Aug. 17 (Bloomberg) -- St. Louis County prosecutors must step up their investigations into the death of 18-year-old Michael Brown in Ferguson, Missouri, Governor Jay Nixon said.
St. Louis County Prosecuting Attorney Robert McCulloch is “an experienced prosecutor and this is his opportunity to step up,” the 58-year-old Democrat said today on CNN’s “State of the Union.”
There have been calls to put a special prosecutor on the case instead of McCulloch because of criticism that he hasn’t been tough on law enforcement officers in the past, according to the New York Times. He was 12 in 1964 when his father, a police officer, was shot and killed by kidnapper Eddie Glenn, according to the St. Louis Post-Dispatch.
Nixon’s comments follow an eighth day of unrest that included tear gas, gunfire and arrests in Ferguson, the mostly black St. Louis suburb that has become a powder keg since Brown, a black teenager, was shot and killed while unarmed by police Aug. 9.
Authorities on Aug. 15 identified the officer who shot Brown as Darren Wilson, a six-year veteran with no disciplinary record.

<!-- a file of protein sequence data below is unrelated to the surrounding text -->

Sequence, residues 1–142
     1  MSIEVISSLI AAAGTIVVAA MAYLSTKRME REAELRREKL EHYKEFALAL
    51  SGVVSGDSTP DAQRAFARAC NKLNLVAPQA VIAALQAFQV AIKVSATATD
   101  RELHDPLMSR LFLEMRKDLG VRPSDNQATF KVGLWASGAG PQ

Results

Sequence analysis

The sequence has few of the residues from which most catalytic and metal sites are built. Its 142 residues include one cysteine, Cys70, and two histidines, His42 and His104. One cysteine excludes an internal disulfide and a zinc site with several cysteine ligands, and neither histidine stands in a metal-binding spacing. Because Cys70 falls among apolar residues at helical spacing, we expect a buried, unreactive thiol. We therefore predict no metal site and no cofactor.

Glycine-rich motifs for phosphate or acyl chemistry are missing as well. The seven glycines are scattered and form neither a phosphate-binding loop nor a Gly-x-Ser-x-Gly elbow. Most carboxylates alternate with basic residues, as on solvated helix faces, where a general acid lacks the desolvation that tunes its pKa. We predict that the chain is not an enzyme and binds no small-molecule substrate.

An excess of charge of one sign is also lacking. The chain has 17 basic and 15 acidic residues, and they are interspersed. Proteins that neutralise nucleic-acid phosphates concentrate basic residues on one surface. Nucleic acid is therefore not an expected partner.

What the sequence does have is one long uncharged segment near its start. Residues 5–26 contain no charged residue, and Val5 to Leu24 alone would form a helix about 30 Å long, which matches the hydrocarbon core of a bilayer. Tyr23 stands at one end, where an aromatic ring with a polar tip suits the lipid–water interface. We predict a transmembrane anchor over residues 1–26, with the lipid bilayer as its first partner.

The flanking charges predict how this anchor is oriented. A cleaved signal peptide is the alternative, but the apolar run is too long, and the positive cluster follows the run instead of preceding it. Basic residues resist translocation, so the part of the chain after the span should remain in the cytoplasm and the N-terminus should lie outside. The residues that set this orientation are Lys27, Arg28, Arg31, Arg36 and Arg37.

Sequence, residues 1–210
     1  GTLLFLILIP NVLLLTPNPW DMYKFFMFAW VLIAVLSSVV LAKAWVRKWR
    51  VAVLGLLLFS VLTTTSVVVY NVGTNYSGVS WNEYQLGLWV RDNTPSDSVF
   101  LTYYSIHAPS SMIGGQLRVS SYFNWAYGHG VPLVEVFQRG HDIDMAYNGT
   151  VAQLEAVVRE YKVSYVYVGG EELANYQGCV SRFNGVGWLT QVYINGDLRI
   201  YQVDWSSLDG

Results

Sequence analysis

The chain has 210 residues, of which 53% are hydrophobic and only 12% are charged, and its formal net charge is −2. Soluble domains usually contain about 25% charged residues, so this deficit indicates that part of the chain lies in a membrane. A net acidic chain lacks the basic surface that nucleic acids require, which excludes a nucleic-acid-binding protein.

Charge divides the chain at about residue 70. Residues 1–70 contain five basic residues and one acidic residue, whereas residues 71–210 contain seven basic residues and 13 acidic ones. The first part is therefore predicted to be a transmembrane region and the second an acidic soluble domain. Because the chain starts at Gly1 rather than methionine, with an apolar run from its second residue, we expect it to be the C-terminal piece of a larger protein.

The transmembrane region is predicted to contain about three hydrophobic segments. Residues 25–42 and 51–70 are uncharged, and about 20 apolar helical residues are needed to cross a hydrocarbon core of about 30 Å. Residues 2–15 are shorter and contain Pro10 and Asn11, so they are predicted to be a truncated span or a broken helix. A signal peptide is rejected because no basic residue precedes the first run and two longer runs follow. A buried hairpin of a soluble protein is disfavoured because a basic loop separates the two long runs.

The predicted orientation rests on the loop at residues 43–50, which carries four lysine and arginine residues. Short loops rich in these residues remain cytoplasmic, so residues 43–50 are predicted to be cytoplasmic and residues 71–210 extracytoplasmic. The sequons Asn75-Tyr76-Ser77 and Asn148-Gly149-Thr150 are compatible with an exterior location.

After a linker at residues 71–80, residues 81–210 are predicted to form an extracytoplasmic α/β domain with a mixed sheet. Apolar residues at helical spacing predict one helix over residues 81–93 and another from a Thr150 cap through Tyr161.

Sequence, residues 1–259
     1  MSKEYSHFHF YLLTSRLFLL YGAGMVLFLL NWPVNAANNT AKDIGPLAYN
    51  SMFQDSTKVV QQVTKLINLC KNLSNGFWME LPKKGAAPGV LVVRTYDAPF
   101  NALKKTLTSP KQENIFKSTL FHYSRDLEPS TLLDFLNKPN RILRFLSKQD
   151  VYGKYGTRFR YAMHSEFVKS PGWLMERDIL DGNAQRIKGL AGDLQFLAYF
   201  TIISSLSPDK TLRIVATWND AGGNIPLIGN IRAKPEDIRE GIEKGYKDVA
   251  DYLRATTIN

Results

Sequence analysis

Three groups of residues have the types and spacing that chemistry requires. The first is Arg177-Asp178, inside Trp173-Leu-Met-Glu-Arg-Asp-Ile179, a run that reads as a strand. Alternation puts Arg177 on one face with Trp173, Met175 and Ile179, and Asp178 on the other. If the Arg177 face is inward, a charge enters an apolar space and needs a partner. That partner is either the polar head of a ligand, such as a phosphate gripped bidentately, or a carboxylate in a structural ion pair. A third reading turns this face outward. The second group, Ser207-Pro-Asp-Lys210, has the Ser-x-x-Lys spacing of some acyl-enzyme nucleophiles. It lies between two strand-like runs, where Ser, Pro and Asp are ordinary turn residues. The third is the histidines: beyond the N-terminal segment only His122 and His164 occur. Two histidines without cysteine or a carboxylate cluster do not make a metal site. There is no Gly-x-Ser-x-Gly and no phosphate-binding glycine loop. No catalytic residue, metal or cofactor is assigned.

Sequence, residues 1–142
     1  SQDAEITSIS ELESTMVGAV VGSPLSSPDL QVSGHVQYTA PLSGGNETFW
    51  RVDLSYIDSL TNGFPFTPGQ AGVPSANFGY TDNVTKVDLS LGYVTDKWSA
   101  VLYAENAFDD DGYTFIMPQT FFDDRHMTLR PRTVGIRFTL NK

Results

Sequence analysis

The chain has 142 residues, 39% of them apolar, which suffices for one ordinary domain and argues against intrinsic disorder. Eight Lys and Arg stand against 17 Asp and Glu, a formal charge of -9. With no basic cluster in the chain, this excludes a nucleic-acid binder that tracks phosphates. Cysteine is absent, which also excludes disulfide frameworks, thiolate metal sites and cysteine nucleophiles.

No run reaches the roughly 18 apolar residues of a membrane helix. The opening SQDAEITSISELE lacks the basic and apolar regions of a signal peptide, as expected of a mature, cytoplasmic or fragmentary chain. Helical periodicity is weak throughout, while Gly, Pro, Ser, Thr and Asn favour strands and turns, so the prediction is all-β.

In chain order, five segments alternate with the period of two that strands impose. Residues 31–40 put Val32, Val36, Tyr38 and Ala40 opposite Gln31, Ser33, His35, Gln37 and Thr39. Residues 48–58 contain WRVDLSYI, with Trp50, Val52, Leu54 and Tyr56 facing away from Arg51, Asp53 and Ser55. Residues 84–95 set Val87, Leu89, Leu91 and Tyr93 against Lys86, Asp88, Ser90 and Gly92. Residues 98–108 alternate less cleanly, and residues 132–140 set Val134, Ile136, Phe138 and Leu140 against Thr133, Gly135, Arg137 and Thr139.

About 40 Federal Bureau of Investigation agents came to Ferguson yesterday to interview witnesses of Brown’s shooting death, according to Capt. Ron Johnson of the Missouri State Highway Patrol. He said anyone with information about the shooting should cooperate with investigators.
“We don’t have any confidence in the St. Louis County prosecuting attorney’s office,” said U.S. Representative William Lacy Clay, a Democrat from St. Louis, according to a Post-Dispatch article dated yesterday. “I have no faith in him, but I do trust the FBI and the Justice Department.”
Federal officials, who are completing a parallel investigation alongside county officials, “help tremendously to make sure that all the information is getting out,” Nixon said.
Members of the Ferguson community, including Brown’s family, have criticized how local officials are handling the investigation. They’ve complained about the decision by Ferguson police to release documents describing Brown as a suspect in a “strong-arm” robbery at a convenience store recorded by a security camera shortly before his death.
“The police strategy of attempting to blame the victim will not divert our attention,” Brown’s family said in an Aug. 15 statement. “There is nothing based on the facts that have been placed before us that can justify the execution-style murder.”
Nixon said on CBS’s “Face the Nation” that he was unaware the video would be released and disagreed with the decision to do so, saying it “had an incendiary effect.”
“To attempt to, in essence, disparage the character of this victim in the middle of a process like this is not right, it’s just not right,” he said on NBC’s “Meet the Press.” “It did put the community and, quite frankly, the region and the nation on alert again.”
Police have said Brown attacked Wilson before he was shot to death. Residents say Brown raised his hands in surrender before he died.
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